Tibet: Don't Print the Knowledge Book
Melbourne publisher Hardie Grant thought editing was done on The Knowledge Book until it ran up against the Olympics, the Dalai Lama and Mao Zedong.
After the book had been sent off to the printer's office in Hong Kong, Hardie Grant's German publishing partners sent an email raising 11th-hour concerns the reference book would not be allowed to be printed in mainland China without changes to the entries on Tibetan Buddhism and Mao Zedong.
"We just got the news from our Chinese printer that since the Olympics are about to start soon, Chinese officials are extremely sensitive to all matters regarding the Dalai Lama, China's reputation and the like," the email read. "Another project at another Chinese printer was denied authorisation for print just this week and we are trying to find a solution."
The email suggested removing parts of the text, including:
- The assertion that "millions lost their lives" during the Great Leap Forward, Mao's shift to heavy industrialisation between 1958 and 1960.
- The statement that China's Communist Party rules "with power that tolerates few political opponents".
- The sentence "Fanatic party cadres destroyed the Chinese cultural wealth; the educated elite were publicly humiliated", in reference to events during the purges of the Cultural Revolution that began in 1966.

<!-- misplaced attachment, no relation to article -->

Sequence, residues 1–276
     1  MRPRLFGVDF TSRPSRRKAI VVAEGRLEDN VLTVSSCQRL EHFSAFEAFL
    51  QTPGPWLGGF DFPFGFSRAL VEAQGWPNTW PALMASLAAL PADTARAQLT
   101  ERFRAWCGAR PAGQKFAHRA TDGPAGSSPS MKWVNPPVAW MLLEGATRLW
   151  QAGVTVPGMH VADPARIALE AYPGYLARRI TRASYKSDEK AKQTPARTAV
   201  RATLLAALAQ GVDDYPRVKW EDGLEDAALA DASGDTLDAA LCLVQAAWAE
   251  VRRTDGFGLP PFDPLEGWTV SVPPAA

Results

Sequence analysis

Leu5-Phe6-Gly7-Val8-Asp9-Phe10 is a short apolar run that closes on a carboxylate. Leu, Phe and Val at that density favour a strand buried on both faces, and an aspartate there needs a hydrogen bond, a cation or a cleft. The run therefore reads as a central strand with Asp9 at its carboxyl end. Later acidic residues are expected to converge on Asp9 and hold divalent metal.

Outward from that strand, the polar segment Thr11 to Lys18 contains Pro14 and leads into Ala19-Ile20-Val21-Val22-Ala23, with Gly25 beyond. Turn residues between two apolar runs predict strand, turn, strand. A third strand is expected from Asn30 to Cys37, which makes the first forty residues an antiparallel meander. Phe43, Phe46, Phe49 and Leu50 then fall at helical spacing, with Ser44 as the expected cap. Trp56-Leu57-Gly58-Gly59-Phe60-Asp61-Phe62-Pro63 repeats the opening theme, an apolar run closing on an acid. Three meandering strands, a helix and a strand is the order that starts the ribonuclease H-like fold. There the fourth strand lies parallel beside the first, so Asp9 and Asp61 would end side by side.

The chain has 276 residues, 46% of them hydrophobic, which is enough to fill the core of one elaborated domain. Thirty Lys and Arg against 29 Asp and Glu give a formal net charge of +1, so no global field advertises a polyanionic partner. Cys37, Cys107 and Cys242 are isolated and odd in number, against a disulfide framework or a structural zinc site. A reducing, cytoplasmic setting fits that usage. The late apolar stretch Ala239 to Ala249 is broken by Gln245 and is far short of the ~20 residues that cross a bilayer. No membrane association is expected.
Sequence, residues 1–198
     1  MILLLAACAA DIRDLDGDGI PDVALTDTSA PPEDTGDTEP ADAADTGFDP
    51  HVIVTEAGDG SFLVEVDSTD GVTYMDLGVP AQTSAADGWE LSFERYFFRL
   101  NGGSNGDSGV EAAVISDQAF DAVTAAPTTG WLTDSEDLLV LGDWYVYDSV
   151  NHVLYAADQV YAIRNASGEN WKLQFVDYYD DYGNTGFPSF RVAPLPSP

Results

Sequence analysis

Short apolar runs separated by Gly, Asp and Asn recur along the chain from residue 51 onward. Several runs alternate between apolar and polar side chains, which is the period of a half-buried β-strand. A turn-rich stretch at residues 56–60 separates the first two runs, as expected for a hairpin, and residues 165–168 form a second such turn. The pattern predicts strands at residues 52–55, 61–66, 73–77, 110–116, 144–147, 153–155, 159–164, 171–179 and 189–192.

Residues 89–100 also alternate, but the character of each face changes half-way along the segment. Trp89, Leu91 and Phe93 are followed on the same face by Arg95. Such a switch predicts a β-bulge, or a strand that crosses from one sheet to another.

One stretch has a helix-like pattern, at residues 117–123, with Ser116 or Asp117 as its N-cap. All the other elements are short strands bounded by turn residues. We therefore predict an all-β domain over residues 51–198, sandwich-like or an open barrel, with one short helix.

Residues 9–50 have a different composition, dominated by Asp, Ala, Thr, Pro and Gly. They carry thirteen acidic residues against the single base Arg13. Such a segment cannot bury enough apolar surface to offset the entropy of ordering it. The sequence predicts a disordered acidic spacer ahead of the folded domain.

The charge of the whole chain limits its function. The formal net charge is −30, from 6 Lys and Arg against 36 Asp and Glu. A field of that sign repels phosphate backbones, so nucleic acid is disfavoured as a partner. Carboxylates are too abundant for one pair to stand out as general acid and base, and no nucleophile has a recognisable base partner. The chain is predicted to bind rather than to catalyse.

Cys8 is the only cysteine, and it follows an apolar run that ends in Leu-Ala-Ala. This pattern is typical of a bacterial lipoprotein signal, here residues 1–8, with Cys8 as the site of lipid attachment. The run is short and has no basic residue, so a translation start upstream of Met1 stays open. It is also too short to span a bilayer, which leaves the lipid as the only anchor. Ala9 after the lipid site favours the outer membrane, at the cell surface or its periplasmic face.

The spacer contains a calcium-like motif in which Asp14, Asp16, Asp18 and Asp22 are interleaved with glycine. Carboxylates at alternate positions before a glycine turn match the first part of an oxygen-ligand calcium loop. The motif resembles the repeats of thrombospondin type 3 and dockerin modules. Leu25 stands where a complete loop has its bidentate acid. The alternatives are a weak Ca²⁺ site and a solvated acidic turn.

The email also suggested changes to layout, which include removing a picture of the Dalai Lama and replacing it with an image of Tara, a female bodhisattva. The caption says Tara "embodies compassion, chastity, and protection against danger".
Hardie Grant publishing director Fran Berry called it "censorship at work" "We stuck our oar in and said no, no, no," Ms Berry said. "We're not having any changes made. We may have to print the affected pages here and have them rebound here. That's a pain, but we are not going to be dictated to."
Ms Berry said Hardie Grant had had problems distributing a book of photographs in China because it contained images of "the three Ts" - Tibet, Tiananmen and Taiwan.
The Knowledge Book, however, was part of an international print run and editions in question were not intended for sale in China.
Marizio Caprotti, general manager of the printer Media Landmark Printing in Hong Kong, said the company had been forced to "renounce" the printing of two books in the five years the company had been operating in Hong Kong because they had upset officials. Typical concerns were over images including maps of Taiwan and nude images. A book of works by Austrian painter Gustav Klimt had recently come under scrutiny because it contained nudes, but had finally been allowed to proceed.
Mr Caprotti confirmed that concerns over The Knowledge Book had been raised in his company, which contains a department dedicated to judging whether books were likely to pass Chinese censors. He said that, on hearing his client wanted no changes, proofs had been made of the original text.